February and March 2017 Wrap Up: The Months In Books

Hello Everyone. Happy Hump Day!

This is quick post to get you up to speed on what I have been reading. A two in one combination post of my February and March 2017 Wrap Up. Or my months in books.

February and March 2017 Wrap Up

In the two months since I have shared my reading challenge accomplishments I read 13 books:

February 2017 Books

A Valentine Secret (A Regency Romance Novella) by Emily Murdoch was the February book for the Writerly Yours Blogger’s Club.  And I participated in the book blog tour in February. The book and the tour all coincided nicely with Valentine’s Day observances. Regency romance is not my most beloved genre, however, Emily Murdoch’s bite-sized short reads are great for weekends.

3 stars. 


The Hours of Day Dreams by Renee M. Rutledge is one of the first books I requested from the NetGalley multi-culture category. I loved it.

The novel is a re-imagining of Filipino folktales. As a Jamaican I cannot assess how faithful the novel was the traditional Filipino narratives.  However, this is magical realism done right. The Hour of Daydreams is told with so much fluid lyricism and intricate descriptions. Woven into the tale of love and betrayal and fairy tales are themes of identity, relationships. Another main exploration was how assumptions and past experiences shape our belief and reactions to others people’s actions. 

4 stars.

Here Comes The Sun by Nicole Dennis-Benn left me emotional. This is a Jamaican book and as a Jamaican it is always hard to face the sad aspects of our culture. It is the dark and honest portrayal of Jamaica that the tourists will never see. And the side that Jamaicans like myself who are far removed the exploitative cycles of poverty, dependency of tourism  close our eyes on. I recommend all Jamaican (especially our women) to read this book and face our darkness.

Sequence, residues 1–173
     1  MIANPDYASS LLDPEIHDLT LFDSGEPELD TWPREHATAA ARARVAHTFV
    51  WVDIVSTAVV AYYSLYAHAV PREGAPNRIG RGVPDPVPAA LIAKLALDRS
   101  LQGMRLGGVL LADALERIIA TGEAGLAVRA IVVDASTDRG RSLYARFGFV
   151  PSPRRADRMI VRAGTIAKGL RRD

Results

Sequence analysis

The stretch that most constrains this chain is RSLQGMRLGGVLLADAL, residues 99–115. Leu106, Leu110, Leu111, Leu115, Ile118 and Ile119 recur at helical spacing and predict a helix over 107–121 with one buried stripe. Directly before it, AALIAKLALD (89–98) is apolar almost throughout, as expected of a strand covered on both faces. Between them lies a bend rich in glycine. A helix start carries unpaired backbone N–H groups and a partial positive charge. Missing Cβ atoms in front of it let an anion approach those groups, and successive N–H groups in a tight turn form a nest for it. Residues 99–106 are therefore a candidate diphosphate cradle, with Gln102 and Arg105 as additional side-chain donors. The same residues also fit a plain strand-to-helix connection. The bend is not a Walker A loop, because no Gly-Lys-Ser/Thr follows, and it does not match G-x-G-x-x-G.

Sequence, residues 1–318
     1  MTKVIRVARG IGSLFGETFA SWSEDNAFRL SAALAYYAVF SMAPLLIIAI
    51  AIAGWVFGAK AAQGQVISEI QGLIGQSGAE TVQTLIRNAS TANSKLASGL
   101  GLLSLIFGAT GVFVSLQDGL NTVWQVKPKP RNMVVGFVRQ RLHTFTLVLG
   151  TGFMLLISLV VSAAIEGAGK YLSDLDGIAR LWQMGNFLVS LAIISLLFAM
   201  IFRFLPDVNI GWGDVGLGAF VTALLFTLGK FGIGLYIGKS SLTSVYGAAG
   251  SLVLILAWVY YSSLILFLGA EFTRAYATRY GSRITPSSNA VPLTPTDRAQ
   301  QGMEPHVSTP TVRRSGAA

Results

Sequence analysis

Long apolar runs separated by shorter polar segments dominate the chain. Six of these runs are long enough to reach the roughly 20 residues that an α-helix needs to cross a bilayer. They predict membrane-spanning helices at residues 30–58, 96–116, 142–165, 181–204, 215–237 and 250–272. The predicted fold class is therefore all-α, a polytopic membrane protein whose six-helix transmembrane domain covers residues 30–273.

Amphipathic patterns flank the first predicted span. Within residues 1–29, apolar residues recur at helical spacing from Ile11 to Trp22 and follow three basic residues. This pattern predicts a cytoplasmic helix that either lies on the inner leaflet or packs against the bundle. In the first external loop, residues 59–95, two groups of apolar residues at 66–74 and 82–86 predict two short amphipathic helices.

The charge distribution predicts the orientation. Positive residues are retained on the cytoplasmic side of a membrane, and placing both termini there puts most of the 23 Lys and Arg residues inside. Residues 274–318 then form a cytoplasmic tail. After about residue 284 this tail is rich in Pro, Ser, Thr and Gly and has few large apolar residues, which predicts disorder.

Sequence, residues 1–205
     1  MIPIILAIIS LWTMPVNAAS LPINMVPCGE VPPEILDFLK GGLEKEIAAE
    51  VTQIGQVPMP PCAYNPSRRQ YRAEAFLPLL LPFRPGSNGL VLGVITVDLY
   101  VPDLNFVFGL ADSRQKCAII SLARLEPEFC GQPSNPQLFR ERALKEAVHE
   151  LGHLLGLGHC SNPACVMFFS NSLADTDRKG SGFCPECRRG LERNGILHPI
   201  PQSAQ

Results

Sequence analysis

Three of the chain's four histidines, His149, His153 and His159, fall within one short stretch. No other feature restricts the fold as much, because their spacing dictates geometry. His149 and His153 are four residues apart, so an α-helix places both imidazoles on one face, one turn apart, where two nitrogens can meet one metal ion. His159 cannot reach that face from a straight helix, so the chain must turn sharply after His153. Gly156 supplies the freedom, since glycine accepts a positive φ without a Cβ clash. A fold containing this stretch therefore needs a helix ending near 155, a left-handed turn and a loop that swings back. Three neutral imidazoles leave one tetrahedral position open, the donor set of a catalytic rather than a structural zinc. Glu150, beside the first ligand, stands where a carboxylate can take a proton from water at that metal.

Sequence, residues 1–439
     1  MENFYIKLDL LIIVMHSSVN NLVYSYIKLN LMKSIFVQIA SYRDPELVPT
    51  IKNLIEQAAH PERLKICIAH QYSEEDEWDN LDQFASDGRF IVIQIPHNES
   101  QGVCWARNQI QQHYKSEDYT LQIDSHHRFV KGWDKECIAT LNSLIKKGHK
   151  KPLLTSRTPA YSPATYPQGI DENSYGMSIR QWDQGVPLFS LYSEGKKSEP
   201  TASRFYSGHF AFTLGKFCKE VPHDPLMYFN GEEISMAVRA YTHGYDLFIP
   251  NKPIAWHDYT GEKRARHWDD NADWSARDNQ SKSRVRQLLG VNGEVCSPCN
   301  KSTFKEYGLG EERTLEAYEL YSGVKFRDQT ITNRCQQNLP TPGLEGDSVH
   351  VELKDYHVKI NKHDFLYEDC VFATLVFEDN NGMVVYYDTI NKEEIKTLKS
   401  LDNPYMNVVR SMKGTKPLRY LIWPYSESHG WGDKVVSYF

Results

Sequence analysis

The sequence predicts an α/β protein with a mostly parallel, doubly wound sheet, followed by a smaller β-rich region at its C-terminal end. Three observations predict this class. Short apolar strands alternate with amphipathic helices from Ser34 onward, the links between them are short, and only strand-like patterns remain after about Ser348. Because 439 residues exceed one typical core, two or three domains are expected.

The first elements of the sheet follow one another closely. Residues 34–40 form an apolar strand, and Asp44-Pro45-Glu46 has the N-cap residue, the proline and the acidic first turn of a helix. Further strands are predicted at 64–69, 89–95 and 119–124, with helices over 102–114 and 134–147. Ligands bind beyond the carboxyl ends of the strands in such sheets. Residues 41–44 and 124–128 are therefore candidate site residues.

4 stars.

The Sun is Also A Star by Nicola Yoon tackles another major aspect of Jamaican culture, illegal immigration. I have such strong feelings about this matter that I almost did not want to read this novel. I am glad I read it. It was short easy read and I was satisfied with how immigration was dealt with and discussed in the novel.  This novel unlike the Here Comes The Sun is set outside of Jamaica. Instead we meet Natasha on the last day of her family’s stay in the US, they are being deported. It is a YA romance so there is this sweet and often cheesy slant towards the multicultural relationship or meeting because the story takes place in one day and the characters use the famous 36 Questions To Fall in Love to get to know each other in the short time period.

3 stars.

Heavy Crowns (Poetry Collection) by Anna Corniffe. I love this poetry collection. Such beautiful words by a Jamaican woman. I felt that Anna was speaking directly to me and my life experiences. While I was reading, I thought I could choose a favourite poem, then I moved to top three, then five, then I stopped. It is a short collection, 109 pages and I loved all the poems.

4 stars.

The Girl Who Lied by Sue Fortin is marketed as a psychological thriller but it falls flat. The mystery isn’t full-filled.   I felt confused reading the novel because the secret was so basic that it made no sense that so many persons lied to keep that single matter hidden.  I kept waiting for more to happen and for something sinister to be revealed but that never happened.

2 stars.